Able Ministers

“Not that we are adequate in ourselves to consider anything as coming from ourselves, but our adequacy is from God, who also made us adequate as servants of a new covenant, not of the letter but of the Spirit; for the letter kills, but the Spirit gives life.”
—II Corinthians 3:5,6, New American Standard Bible

OUR LOVING HEAVENLY Father has never ceased to love his human family and he has made abundant arrangements to bring about their reconciliation from sin and death during the administration of Christ’s future kingdom. In his letter to the brethren at Corinth, the Apostle Paul further proclaimed, “Therefore if any man is in Christ, he is a new creature; the old things passed away; behold, new things have come. Now all these things are from God, who reconciled us to Himself through Christ and gave us the ministry of reconciliation, namely, that God was in Christ reconciling the world to Himself, not counting their trespasses against them, and He has committed to us the word of reconciliation.”—II Cor. 5:17-19, NASB

Through disobedience to the divine Law, our first parents, Adam and Eve, brought the entire race under condemnation to the death penalty. As an illustration, or type, of the great work of reconciliation, Moses served as the Mediator of the old Law Covenant that God gave to the people of Israel. From the scriptural account, we read what happened next. “Moses came and told the people all the words of the Lord, and all the judgments: and all the people answered with one voice, and said, All the words which the Lord hath said will we do.”—Exod. 24:3

Having explained to the Israelites the order and judgments of God, the record then states, “Moses wrote all the words of the Lord, and rose up early in the morning, and builded an altar under the hill, and twelve pillars, according to the twelve tribes of Israel. And he sent young men of the children of Israel, which offered burnt offerings, and sacrificed peace offerings of oxen unto the Lord. And Moses took half of the blood, and put it in basons; and half of the blood he sprinkled on the altar. And he took the book of the covenant, and read in the audience of the people: and they said, All that the Lord hath said will we do, and be obedient. And Moses took the blood, and sprinkled it on the people, and said, Behold the blood of the covenant, which the Lord hath made with you concerning all these words.”—Exod. 24:4-8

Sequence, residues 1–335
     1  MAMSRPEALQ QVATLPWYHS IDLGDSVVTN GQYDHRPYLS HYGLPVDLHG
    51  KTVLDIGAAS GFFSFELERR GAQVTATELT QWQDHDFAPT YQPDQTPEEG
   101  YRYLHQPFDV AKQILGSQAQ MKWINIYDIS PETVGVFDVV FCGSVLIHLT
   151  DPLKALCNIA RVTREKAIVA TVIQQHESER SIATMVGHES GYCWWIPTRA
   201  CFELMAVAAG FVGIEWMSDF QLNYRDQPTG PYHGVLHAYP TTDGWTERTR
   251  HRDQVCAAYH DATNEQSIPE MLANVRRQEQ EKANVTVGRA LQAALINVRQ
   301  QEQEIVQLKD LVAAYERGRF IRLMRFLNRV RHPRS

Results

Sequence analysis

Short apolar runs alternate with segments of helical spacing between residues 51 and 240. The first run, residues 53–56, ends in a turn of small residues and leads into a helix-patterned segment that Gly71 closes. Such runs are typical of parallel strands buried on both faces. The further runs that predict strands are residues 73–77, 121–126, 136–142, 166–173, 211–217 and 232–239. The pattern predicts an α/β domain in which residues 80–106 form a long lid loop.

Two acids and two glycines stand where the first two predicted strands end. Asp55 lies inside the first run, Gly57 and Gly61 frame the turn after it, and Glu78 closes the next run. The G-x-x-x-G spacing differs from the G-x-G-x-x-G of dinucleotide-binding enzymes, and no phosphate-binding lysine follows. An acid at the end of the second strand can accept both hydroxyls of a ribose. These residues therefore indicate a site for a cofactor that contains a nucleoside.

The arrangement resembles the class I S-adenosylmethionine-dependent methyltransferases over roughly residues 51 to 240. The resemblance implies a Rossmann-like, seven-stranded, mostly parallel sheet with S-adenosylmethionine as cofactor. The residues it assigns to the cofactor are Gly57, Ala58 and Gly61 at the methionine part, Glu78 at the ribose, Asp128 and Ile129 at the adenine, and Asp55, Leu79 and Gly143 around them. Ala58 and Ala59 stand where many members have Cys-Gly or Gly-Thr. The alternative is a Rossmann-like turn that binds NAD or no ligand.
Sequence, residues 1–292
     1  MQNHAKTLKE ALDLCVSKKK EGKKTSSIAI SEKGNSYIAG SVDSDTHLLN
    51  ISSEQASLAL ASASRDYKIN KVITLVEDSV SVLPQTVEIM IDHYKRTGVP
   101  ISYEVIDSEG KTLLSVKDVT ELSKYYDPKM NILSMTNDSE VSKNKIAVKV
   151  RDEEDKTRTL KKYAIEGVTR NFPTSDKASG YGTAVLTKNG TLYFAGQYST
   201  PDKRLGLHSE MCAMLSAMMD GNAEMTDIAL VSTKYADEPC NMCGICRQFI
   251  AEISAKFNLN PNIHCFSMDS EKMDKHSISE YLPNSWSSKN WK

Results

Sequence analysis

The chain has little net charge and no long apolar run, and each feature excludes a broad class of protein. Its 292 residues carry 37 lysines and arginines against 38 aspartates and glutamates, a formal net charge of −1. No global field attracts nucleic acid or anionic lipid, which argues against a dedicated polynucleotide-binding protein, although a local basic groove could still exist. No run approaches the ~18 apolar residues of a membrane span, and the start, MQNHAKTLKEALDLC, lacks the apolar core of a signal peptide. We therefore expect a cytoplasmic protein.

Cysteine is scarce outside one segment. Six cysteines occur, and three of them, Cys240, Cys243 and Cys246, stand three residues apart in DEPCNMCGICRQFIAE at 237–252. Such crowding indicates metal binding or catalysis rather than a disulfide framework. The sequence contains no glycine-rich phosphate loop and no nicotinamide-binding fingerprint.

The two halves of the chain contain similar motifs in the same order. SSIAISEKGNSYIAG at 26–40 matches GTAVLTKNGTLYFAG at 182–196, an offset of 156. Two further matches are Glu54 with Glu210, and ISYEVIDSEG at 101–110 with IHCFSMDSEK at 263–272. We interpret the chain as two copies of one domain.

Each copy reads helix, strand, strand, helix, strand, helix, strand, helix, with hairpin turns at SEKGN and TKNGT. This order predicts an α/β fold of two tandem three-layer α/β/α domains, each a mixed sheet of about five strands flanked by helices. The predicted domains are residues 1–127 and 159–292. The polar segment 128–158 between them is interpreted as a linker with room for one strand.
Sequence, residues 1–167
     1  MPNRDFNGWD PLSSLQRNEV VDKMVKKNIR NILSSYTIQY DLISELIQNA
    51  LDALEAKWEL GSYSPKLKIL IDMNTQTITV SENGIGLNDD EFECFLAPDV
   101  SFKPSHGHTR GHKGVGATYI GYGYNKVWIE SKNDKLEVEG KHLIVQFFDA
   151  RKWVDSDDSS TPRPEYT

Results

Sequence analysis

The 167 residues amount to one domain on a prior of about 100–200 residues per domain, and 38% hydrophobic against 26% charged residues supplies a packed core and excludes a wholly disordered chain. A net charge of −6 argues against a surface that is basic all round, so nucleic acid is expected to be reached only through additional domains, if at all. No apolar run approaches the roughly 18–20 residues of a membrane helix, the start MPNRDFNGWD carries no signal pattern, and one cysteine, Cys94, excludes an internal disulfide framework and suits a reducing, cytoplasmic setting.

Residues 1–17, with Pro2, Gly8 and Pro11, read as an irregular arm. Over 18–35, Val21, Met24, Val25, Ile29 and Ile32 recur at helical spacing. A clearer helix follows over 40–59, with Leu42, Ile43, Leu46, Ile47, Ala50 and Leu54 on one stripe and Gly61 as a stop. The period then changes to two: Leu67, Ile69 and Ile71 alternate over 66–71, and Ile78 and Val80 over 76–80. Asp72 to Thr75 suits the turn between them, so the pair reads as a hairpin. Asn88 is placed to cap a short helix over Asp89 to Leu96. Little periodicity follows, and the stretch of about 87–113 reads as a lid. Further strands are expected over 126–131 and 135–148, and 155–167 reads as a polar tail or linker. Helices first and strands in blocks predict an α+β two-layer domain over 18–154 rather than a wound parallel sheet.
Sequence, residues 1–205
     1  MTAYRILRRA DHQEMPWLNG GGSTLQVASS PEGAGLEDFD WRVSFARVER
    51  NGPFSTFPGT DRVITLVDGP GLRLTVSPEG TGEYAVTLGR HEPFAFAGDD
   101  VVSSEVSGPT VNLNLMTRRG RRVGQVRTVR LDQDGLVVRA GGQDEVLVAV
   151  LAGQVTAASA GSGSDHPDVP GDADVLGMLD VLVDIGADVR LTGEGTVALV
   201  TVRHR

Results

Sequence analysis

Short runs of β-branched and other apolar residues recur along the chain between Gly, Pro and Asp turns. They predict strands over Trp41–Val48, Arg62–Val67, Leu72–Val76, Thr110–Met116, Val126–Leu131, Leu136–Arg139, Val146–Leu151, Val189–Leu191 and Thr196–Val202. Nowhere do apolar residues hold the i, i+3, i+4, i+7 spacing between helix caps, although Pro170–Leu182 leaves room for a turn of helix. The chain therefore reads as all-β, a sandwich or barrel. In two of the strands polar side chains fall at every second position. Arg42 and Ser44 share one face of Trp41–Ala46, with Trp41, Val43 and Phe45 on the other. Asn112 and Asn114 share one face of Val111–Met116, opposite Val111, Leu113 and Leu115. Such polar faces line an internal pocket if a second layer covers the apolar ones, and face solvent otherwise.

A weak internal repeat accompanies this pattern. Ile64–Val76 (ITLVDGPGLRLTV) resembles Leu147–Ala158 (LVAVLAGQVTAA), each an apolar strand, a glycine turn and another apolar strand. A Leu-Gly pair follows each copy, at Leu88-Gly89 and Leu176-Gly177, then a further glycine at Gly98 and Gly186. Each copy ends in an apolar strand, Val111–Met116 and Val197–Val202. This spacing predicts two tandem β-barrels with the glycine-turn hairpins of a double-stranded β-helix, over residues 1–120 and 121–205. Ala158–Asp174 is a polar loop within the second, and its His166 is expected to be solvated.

Part of Moses’ work was to provide the blood that was necessary to sprinkle both “the book and the people.” In the antitype of these instructions, the Scriptures inform us that our Lord Jesus will be the mediator of a new and better covenant which will be offered to all the people and that will provide the blessings of life to all mankind who will be given opportunity to learn righteousness and Truth.—Heb. 12:24


In preparation for his work as Mediator of the New Covenant, it was necessary that our Lord Jesus also provide blood. However, this was not to be the blood of animals which had been used as an illustration by Moses in the type, but by the shedding of his own precious blood. Thus does blood become a symbol of our Lord’s sacrificed, or poured-out, life on behalf of the sin-sick world of mankind. We see that Jesus’ sacrificial ministry was in preparation for mediating the New Covenant during his future kingdom.

We also learn from the Scriptures that Jesus will have associates in his great work of mediating the New Covenant. Concerning them, the psalmist long ago declared, “Gather my saints together unto me; those that have made a covenant with me by sacrifice.” (Ps. 50:5) In the antitype, the associates of our Lord Jesus are being called during this present Gospel Age, and are referred to by the Apostle Paul in our theme text as the “able ministers” of the covenant. He was speaking of the faithful followers of Jesus who have taken up their cross and have followed him into death. From the scriptural account, we read, “Then said Jesus unto his disciples, If any man will come after me, let him deny himself, and take up his cross, and follow me.”—Matt. 16:24